JFK Remembered

By Christopher B. Daly 

Among the many journalistic efforts to commemorate the assassination of John F. Kennedy on its 50th anniversary, one of the best is a production by JFK’s hometown newspaper, The Boston Globe. In its print editions of today, the Globe wrapped the day’s regular edition in a special four-page supplement made up on reproductions of the paper’s actual pages in 1963.

In the online edition, the Globe has links to an interactive graphic. The graphic consists of images of historic front pages from Nov. 22 to Nov. 29, 1963. If you scroll over articles, you can click through to the full text of each. Beautiful, powerful, useful.

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Some highlights from that week:

–the old Globe, like most American newspapers, was wider then, running to eight columns wide (instead of today’s standard of 6)

–the Globe ran ads on page 1, which was commonplace until the glory days of the 1970s and 1980s, when a lot of U.S. papers were profitable enough to forego those ads as a point of pride.

–the paper featured a lot of wire-service copy, mostly from AP but including the famous “scoop” by UPI’s Merriman Smith on the assassination. Here’s the lead:

DALLAS (UPI) –President Kennedy was assassinated here today.

A single shot through the right temple took the life of the 46-year-old Chief Executive. He was shot as he rode in an open car in downtown Dallas, waving and smiling to a crowd of 250,000.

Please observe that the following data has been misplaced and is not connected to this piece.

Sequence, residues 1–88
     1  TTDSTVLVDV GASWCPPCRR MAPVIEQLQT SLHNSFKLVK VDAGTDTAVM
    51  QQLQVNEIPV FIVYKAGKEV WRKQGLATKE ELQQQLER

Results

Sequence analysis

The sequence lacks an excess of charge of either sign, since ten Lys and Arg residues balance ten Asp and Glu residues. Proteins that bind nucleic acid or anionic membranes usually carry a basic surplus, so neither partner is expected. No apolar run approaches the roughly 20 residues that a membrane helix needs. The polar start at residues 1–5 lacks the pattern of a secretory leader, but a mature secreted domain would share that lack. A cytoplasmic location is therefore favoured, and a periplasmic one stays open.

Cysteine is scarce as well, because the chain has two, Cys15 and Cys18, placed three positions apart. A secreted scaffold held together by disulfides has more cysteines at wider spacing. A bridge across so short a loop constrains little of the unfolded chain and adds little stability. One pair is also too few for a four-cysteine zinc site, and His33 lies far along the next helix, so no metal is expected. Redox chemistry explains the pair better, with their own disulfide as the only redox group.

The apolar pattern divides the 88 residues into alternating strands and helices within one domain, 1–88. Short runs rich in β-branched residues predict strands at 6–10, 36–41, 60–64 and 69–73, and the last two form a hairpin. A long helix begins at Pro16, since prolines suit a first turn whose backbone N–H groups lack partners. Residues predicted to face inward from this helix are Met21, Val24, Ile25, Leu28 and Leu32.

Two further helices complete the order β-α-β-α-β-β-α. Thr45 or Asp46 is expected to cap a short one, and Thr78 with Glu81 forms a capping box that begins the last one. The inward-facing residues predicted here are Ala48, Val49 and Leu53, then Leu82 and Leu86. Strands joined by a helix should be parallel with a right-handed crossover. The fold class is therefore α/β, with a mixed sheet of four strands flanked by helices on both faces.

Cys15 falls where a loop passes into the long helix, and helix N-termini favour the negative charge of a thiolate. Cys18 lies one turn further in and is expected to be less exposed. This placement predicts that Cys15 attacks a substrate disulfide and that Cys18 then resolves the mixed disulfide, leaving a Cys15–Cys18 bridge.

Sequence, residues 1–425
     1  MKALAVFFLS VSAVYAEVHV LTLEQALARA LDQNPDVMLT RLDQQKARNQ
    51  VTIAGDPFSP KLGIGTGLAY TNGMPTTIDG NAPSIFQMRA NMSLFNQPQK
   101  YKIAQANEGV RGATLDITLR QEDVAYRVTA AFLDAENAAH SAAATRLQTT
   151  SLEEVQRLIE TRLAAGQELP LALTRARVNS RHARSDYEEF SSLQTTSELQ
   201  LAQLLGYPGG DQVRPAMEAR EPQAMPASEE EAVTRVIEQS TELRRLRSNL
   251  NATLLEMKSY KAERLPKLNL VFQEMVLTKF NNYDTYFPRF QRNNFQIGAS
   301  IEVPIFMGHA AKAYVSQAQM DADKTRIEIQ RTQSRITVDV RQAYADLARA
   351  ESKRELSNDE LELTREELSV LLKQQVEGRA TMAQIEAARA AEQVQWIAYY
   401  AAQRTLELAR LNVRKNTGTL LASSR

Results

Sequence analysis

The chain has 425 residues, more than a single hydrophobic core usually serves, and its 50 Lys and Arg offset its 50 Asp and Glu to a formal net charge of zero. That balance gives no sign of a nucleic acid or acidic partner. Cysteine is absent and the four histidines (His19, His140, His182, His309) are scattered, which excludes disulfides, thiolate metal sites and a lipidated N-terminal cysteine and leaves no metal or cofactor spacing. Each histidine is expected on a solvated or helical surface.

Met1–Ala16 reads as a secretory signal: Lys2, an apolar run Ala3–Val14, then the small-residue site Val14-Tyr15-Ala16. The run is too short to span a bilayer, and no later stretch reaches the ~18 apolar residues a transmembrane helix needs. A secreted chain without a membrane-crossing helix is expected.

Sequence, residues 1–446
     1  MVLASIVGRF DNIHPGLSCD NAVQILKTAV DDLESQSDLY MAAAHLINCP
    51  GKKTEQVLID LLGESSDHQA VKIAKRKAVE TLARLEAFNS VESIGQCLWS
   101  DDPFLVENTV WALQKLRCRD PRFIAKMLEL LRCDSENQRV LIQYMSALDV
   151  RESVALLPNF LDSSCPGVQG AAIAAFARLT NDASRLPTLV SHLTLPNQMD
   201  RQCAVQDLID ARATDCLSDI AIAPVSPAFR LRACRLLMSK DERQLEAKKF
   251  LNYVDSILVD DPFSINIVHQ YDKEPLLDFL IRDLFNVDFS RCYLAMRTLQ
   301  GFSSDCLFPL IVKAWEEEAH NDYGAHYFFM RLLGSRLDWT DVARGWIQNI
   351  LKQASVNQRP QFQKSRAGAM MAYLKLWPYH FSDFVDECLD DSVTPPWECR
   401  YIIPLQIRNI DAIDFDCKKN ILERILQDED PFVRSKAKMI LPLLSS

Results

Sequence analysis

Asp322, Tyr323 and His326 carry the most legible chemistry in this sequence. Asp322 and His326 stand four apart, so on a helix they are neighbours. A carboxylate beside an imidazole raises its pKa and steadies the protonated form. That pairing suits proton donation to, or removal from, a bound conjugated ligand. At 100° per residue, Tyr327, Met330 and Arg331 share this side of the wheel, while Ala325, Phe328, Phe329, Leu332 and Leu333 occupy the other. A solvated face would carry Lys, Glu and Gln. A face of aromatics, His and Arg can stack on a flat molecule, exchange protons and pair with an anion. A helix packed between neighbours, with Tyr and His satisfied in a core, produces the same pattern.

Smith beat out the AP by using the car phone in a limousine in the motorcade to dictate his lead, then bending over the phone to physically block it from the AP reporter, who pummeled Smith for access to the phone but could not get his hands on it.

–In the Nov. 23 edition of the Globe, the front page features stories by UPI’s Helen Thomas, who only recently gave up covering the White House, and by Mary McGrory, whose son Brian now edits the Globe.

–On the 28th, the Globe ran a page 1 column by Walter Lippmann, the great mid-century syndicated columnist. True to form, Lippmann held forth in his most olympian mode, saying little but sounding momentous.

 

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Filed under Boston, Journalism, journalism history

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